Social Outcomes Contracts have generated £10 in social, economic and fiscal value for every £1 spent by government and saved it £397 million since first launching ten years ago, research has shown.
The first published study of the public value generated by these contracts to date, it found that this approach to public service delivery saves almost £3 for every £1 spent by government, reducing the cost of tackling complex social issues like homelessness and unemployment.
Aman Johal, Investment Director at Big Society Capital commented:
“With public budgets tightening, it will be critical for the Government to consider alternative funding solutions to challenges such as the cost-of-living crisis and levelling up.
“We are thrilled to have new data which for the first time demonstrates how Social Outcomes Contracts (SOCs) can empower local authorities and communities to implement local solutions, bringing together genuine collaboration across stakeholders and much stronger accountability for results compared to traditional contracting mechanisms.
“While the approach is not without challenges, the evidence shows that there is potential for social outcomes contracting to grow and continue to add value to improving public service delivery in the UK. We hope this report will open up meaningful discussions amongst policymakers around the potential and future of SOCs as an approach to enable effective delivery of public services for people.”
Previously known as Social Impact Bonds, the contracts are a form of public service commissioning where local social sector delivery organisations are provided with working capital to give them flexibility and support to innovate and improve services to meet individuals’ needs. Upfront socially motivated investor capital is used to pay local delivery organisations to tackle complex social issues, with Government funding only released when successful outcomes are achieved.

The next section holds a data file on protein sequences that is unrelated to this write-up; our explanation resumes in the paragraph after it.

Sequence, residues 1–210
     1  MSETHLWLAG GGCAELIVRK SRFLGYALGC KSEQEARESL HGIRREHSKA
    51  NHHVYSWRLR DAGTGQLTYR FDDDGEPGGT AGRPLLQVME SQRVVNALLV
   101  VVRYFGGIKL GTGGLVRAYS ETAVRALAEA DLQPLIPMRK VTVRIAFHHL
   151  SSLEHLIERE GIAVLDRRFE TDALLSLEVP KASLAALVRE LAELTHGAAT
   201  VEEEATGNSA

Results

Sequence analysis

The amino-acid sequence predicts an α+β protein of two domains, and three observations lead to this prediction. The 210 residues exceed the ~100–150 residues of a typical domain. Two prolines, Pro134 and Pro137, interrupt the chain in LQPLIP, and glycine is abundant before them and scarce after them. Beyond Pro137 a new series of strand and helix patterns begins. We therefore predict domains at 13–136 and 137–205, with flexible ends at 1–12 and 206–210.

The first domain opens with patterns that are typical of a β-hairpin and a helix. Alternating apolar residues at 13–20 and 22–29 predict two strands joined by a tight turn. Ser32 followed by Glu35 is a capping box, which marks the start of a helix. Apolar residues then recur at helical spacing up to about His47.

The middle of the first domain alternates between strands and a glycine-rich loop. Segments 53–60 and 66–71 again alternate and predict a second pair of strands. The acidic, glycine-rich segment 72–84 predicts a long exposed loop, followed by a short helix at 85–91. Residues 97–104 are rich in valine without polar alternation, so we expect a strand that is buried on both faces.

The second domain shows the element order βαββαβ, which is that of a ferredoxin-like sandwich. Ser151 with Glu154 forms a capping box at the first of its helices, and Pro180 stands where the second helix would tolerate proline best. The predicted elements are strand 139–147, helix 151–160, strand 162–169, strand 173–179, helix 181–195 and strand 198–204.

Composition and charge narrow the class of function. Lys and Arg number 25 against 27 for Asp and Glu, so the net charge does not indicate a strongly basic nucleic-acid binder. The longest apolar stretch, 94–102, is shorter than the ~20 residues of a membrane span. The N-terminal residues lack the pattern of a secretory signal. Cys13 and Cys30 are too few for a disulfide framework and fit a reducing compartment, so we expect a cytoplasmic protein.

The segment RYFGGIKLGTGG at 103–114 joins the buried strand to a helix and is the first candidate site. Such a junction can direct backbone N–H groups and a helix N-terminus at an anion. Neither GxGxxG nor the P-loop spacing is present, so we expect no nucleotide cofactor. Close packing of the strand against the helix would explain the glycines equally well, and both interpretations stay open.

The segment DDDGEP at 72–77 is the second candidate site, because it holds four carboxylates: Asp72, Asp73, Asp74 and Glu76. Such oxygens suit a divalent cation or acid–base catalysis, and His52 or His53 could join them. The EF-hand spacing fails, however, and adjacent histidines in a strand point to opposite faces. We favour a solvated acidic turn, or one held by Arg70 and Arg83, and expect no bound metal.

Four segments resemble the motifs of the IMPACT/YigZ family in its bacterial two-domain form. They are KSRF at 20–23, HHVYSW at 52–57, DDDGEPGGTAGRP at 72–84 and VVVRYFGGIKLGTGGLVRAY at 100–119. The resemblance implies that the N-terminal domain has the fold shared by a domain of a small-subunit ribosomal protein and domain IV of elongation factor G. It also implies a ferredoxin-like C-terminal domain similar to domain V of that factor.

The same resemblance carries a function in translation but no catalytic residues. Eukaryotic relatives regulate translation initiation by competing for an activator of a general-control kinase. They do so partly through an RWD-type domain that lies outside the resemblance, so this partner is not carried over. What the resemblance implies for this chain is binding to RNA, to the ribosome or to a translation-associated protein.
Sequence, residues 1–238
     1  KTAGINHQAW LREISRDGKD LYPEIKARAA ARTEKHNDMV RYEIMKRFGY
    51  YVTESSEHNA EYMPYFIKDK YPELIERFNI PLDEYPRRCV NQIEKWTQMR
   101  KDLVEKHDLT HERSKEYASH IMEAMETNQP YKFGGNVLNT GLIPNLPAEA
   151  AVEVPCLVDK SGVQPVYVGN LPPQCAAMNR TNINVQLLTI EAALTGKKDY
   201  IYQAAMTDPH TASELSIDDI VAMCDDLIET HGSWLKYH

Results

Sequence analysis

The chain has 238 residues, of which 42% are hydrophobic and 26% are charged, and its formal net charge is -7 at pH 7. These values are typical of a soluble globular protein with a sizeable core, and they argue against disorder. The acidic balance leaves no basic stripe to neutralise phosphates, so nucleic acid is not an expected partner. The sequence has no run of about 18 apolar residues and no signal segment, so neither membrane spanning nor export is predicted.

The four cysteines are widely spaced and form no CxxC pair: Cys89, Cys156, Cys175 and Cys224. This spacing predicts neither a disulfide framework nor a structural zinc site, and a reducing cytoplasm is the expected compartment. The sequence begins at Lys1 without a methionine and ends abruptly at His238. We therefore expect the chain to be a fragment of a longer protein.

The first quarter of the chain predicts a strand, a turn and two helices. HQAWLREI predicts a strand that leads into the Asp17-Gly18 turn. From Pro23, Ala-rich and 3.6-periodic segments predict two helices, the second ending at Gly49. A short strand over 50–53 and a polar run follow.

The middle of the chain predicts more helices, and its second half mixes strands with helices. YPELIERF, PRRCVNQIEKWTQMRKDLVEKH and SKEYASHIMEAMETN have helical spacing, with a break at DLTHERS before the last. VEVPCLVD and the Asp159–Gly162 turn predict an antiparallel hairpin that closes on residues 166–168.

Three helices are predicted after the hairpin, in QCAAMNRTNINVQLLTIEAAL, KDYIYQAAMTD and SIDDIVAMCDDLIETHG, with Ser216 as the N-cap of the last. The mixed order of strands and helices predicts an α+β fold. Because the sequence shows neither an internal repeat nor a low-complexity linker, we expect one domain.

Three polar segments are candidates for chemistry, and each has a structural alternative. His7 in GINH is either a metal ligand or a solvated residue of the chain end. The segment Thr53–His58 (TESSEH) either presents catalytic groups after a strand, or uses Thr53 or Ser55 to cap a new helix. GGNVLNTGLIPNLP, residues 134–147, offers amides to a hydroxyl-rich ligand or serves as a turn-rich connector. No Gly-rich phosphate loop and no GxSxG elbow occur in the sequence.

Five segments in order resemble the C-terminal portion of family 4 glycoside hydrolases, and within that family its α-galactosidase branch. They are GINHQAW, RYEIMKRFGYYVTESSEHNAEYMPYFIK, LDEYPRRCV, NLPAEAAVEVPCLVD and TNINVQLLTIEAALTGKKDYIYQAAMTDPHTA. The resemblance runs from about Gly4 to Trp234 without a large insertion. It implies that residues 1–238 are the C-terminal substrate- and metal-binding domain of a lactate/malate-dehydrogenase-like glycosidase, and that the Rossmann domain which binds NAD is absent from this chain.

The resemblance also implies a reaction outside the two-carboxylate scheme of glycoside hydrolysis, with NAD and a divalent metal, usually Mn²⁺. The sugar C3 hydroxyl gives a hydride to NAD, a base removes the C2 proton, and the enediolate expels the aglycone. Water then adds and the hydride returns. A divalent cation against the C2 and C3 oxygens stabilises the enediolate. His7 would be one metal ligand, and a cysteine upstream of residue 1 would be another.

Big Society Capital’s Outcomes For All report draws on independent analysis conducted by ATQ Consultants, and reveals that, to date, the UK has conducted 90 such projects to support more than 220 social enterprises and charities in delivering personalised care to over 55,000 people.
Examples include SOCs launched to tackle rough sleeping in 2018 by the then UK Ministry of Housing Communities and Local Government (now the Department for Levelling Up, Housing and Communities). The largest programme was in Greater Manchester (GM): the GM Homes Partnership and has housed over 90% more people than originally targeted at half the cost of similar interventions funded in other ways.
Another SOC, the West London Zone, is a mentoring scheme currently working with 732 children in schools to help them achieve their potential, while the Skill Mill: a social enterprise focused on rehabilitating young ex-offenders reports seeing a re-offending rate of 9% compared to 72% nationally.
Minister for Civil Society and Youth, Nigel Huddleston, said:
“The Government is proud to have played a key role in this journey by championing innovative outcomes funds, such as the Life Chances Fund, which move the emphasis away from delivering activities and outputs towards delivering the real-world impact we want to achieve.”